Of course, we can significantly overstate the LC settings to obtain a result comparable to the visual quality of the IM. But, in this case, the LC computing time will inevitably increase. This approach will smoothly rollback us in the direction of Brute Force, practically bring to naught the difference in calculation time between LC with strongly raised settings and BF. In addition, the consumption of memory and problems with load distribution on all available system threads for a large LC map will also be a very significant drawback.

Irradiance map algorithm calculates the softer compared to LC GI map. The final render comes out more pleasant, without noisy GI. That is why IM should be used as an engine for global illumination rendering.

 However, we should not forget that V-Ray divides the indirect illumination for Primary bounces and Secondary bounces. Returning to the features of IM, we know that the Irradiance map, in principle, cannot be set as the Secondary bounces GI engine. Given all the above, we simply have to select the Irradiance map as the only GI engine for calculation of the Primary bounces.

Think you may have guessed at what engine for Secondary GI bounces will the choice fall :)

Light cache algorithm is rougher than the IM algorithm. However, as we already know the effect of secondary GI bounces on the general lighting is less important than the influence of the primary GI bounce. It is therefore the less accurate LC perfectly copes with the task of rendering Secondary GI bounces. In addition, its function Show calc. phase, which generates excellent previews, is simply irreplaceable. Light cache algorithm should be surely used in the universal starting V-Ray configuration; of course, Light cache should be selected as the GI engine for Secondary bounces.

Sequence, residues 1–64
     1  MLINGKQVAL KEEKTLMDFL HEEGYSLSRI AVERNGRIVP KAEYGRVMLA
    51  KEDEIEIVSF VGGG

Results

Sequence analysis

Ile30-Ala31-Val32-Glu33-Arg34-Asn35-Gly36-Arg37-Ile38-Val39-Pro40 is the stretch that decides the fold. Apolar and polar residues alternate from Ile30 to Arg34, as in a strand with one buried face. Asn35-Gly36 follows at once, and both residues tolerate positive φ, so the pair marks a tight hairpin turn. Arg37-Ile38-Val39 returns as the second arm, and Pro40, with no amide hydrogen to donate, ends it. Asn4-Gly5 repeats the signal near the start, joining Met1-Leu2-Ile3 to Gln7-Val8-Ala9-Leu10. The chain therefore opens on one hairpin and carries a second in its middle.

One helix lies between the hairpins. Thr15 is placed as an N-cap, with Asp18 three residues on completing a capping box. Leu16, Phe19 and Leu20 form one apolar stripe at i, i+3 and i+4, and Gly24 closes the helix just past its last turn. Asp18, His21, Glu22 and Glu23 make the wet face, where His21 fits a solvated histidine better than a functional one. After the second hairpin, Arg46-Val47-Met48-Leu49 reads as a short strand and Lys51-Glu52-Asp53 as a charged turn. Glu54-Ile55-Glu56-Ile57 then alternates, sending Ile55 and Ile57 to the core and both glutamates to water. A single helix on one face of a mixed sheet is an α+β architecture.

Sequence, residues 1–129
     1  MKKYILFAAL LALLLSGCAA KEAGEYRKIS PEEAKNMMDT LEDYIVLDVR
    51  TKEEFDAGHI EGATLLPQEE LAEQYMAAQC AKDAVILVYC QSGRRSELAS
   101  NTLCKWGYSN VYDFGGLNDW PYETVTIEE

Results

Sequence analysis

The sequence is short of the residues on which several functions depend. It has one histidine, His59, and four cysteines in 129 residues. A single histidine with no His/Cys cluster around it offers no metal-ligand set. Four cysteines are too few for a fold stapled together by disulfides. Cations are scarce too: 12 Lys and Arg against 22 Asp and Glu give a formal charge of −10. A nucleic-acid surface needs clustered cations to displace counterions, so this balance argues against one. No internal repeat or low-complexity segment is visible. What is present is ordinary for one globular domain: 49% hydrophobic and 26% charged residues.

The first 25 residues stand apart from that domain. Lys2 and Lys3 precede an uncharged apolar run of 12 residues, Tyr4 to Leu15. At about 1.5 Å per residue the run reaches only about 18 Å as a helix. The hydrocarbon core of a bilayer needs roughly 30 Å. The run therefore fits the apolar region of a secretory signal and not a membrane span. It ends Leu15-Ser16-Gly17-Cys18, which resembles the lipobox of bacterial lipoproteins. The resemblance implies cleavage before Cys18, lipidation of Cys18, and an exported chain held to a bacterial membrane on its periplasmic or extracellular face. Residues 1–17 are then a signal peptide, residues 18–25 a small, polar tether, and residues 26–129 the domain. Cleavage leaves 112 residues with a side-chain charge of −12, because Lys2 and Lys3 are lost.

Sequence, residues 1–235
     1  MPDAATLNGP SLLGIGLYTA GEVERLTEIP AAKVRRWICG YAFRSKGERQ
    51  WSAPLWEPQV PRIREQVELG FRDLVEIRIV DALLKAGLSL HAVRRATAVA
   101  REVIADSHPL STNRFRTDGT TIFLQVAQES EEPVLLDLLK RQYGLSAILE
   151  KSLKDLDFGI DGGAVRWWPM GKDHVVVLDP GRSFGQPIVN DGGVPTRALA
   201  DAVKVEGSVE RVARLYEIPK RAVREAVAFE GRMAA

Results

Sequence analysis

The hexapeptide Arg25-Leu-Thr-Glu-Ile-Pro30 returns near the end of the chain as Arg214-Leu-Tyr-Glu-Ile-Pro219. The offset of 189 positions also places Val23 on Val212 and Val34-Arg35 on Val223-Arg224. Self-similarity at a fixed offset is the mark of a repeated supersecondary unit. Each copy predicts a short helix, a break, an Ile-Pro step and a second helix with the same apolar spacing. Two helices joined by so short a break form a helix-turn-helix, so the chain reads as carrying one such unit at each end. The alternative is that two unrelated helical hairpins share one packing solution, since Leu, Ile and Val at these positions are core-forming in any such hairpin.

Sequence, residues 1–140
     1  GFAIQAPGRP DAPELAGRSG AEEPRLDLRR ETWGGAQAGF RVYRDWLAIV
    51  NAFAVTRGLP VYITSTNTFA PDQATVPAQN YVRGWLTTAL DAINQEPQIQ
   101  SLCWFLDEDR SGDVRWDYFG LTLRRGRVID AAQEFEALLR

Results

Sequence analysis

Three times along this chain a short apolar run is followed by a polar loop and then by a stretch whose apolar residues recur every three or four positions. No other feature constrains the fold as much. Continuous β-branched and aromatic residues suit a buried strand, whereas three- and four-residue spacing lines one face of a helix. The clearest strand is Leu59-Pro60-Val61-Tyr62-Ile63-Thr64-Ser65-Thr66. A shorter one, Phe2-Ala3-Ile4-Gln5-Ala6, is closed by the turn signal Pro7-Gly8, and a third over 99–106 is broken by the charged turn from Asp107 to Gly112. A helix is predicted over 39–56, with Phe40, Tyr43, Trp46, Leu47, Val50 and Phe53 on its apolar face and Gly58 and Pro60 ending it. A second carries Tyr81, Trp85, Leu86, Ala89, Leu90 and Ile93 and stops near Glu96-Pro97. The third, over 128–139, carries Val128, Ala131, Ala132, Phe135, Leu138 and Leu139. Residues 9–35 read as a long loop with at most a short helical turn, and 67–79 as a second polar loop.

Common GI issues

Now, when we are done with all available V-ray GI rendering algorithms, decided on how they work and have chosen the most rational and practical to use, it is time to consider the possible problems and their solutions.

In general, global illumination has just two major problems, more precisely the two main types of artifacts. They are noise and dirt. Oddly enough, but the causes of appearing and ways to eliminate noise are completely trivial. The cause of these common problems is the lack of GI sampling quality. The HSph. Subdivs parameter in Irradiance map and Subdivs parameter in Brute force and Light cache are responsible for this. Increasing the values of these parameters will reduce the amount of noise on the GI maps and, hence, on the final render. We should not stop on this kind of artifacts.

But the cause of the smudges on the rendering or as they are called "flakes", which are often cover the fine details of the scene, is worth studying in more detail.

Dirt, namely, black, gray, and even the bright spots may appear in the GI map, created by the IM algorithm. This occurs because of insufficient detail of the irradiance map.